Wigan woman wrongly claimed more than £5,000 in benefits
A Wigan woman who wrongly claimed more than £5,000 in benefits after securing employment has been ordered to carry out unpaid work.
After being unemployed for some time, Rachel Fielding, 46, took up a post as a residential support worker for adults with severe mental health problems.
But Wigan and Leigh Magistrates’ Court heard she continued to claim benefits, failing to notify the authorities of a change in her circumstances.
Tess Kenyon, prosecuting, said Fielding was overpaid £5,349 in housing benefit and employment support allowance.
Fielding, of Spring Street, Scholes, pleaded guilty to dishonestly failing to tell Wigan Council and the Department For Work and Pensions that she was working, which affected her entitlement to the benefits.
The housing benefit claim related to a period between August 6, 2018 and February 17 this year, with the employment support allowance claim covering July 30, 2018 to February 26.
Adam Whittaker, defending, said Fielding had been working but lost her job after taking too much time off due to illness.
She waited two years for an operation and had anxiety and depression.
She eventually had surgery and started to recover physically, but her doctor said she was not yet ready to return to work.
Mr Whittaker said: “Nevertheless she is a worker - she has always worked, not withstanding this period of ill health - so she got a job with this company.”
Fielding was employed for 16 hours a week as a support worker, but still needed to take time off during the probationary period.
She feared she would not be kept on, after being told the people she worked with were vulnerable and needed stability, the court heard.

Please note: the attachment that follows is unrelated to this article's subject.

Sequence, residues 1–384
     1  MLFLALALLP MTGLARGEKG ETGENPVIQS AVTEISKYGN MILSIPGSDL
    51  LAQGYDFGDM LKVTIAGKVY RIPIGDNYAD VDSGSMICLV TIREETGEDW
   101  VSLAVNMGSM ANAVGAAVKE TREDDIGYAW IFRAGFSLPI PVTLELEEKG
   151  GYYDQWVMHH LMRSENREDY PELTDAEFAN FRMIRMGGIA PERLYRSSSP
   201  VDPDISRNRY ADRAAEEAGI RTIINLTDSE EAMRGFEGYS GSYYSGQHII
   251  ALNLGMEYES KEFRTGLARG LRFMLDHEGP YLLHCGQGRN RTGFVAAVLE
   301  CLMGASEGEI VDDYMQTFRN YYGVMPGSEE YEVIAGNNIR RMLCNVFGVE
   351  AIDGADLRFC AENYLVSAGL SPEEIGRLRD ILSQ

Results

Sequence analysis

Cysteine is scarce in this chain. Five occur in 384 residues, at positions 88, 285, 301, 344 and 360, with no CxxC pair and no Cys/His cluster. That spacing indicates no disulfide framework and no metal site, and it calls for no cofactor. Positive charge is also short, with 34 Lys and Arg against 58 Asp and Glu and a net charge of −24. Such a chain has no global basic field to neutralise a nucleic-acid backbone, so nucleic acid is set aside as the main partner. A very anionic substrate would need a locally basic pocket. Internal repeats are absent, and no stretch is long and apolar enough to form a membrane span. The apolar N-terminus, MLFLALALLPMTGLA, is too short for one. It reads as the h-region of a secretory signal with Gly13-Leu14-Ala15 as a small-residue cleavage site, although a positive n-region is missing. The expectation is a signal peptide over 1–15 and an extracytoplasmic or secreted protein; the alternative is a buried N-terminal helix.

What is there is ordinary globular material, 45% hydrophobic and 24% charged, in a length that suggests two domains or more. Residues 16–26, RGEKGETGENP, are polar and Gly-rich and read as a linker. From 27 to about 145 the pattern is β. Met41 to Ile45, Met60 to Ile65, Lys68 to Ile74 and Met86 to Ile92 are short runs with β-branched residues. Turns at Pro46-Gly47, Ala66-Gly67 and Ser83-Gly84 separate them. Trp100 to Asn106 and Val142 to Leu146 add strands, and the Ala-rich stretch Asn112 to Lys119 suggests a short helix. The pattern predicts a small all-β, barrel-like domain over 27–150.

Fielding, who has no previous convictions, has since seen her contract increased to 30 hours per week and “loves” her work.
Mr Whittaker appealed to the bench to impose a conditional discharge, arguing that unpaid work or a curfew would be difficult for her as she did shifts on a rota basis and sometimes worked overnight.
He said: “She is not asking to be let off. She accepts what she has done amounts to a serious criminal offence. The overpayment is there and it will be repaid over a period of time.”
But magistrates also heard from a probation officer, who said unpaid work could be done any day and Fielding has two days off work each week.
Sentencing, Alan Mather, chairman of the bench, said: “We can’t get away from the fact the amount of money that was taken from the public purse and that in itself constitutes a serious offence.”
Magistrates imposed a 12-month community order, with 80 hours of unpaid work. Fielding must also pay £85 prosecution costs and £90 victim surcharge.
The court heard she is already repaying the benefits she received.